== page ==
Oracle® Data Mining Concepts 11g Release 1 (11.1) Part Number B2812901 


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This chapter describes Minimum Description Length, the supervised technique for calculating attribute importance.
This chapter includes the following topics:
Minimum Description Length (MDL) is an information theoretic model selection principle. MDL assumes that the simplest, most compact representation of data is the best and most probable explanation of the data. The MDL principle is used to build Oracle Data Mining attribute importance models.
MDL considers each attribute as a simple predictive model of the target class. These single predictor models are compared and ranked with respect to the MDL metric (compression in bits). MDL penalizes model complexity to avoid overfit. It is a principled approach that takes into account the complexity of the predictors (as models) to make the comparisons fair.
With MDL, the model selection problem is treated as a communication problem. There is a sender, a receiver, and data to be transmitted. For classification models, the data to be transmitted is a model and the sequence of target class values in the training data.
Attribute importance uses a twopart code to transmit the data. The first part (preamble) transmits the model. The parameters of the model are the target probabilities associated with each value of the prediction. For a target with j values and a predictor with k values, n_{i} (i= 1,..., k) rows per value, there are C_{i}, the combination of j1 things taken n_{i}1 at time possible conditional probabilities. The size of the preamble in bits can be shown to be Sum(log_{2}(C_{i})), where the sum is taken over k. Computations like this represent the penalties associated with each single prediction model. The second part of the code transmits the target values using the model.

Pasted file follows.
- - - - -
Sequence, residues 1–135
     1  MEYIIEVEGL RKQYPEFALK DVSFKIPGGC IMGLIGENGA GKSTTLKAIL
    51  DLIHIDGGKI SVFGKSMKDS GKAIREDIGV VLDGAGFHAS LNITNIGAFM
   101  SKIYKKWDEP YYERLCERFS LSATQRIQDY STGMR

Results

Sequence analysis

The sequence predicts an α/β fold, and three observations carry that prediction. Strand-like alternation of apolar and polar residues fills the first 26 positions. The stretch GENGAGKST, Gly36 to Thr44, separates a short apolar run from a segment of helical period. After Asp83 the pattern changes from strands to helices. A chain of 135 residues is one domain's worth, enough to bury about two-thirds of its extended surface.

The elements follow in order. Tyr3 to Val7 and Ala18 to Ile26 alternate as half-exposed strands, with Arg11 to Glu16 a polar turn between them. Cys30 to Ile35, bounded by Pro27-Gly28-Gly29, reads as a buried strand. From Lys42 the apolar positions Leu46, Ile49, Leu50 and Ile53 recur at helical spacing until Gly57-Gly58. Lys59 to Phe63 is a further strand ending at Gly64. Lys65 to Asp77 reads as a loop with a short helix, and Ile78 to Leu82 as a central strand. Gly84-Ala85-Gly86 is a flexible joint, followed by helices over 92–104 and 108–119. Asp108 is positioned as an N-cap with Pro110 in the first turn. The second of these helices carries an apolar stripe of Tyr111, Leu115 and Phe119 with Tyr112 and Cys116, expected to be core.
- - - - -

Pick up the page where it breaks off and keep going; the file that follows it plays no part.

It is well known that the most compact encoding of a sequence is the encoding that best matches the probability of the symbols (target class values). Thus, the model that assigns the highest probability to the sequence has the smallest target class value transmission cost. In bits this is the Sum(log_{2}(p_{i})), where the p_{i} are the predicted probabilities for row _{i} associated with the model.
The predictor rank is the position in the list of associated description lengths, smallest first.
When these algorithms use equiwidth binning, outliers cause most of the data to concentrate in a few bins, sometimes a single bin. As a result, the discriminating power of these algorithms can be significantly reduced.
Similarly, an association model might have all the values of a numerical attribute concentrated in a single bin, except for one value (the outlier) that belongs to a different bin. If, for example, this attribute is income, there will not be any rules reflecting different levels of income. All rules containing income will only reflect the range in the single bin; this range is basically the income range for the whole population.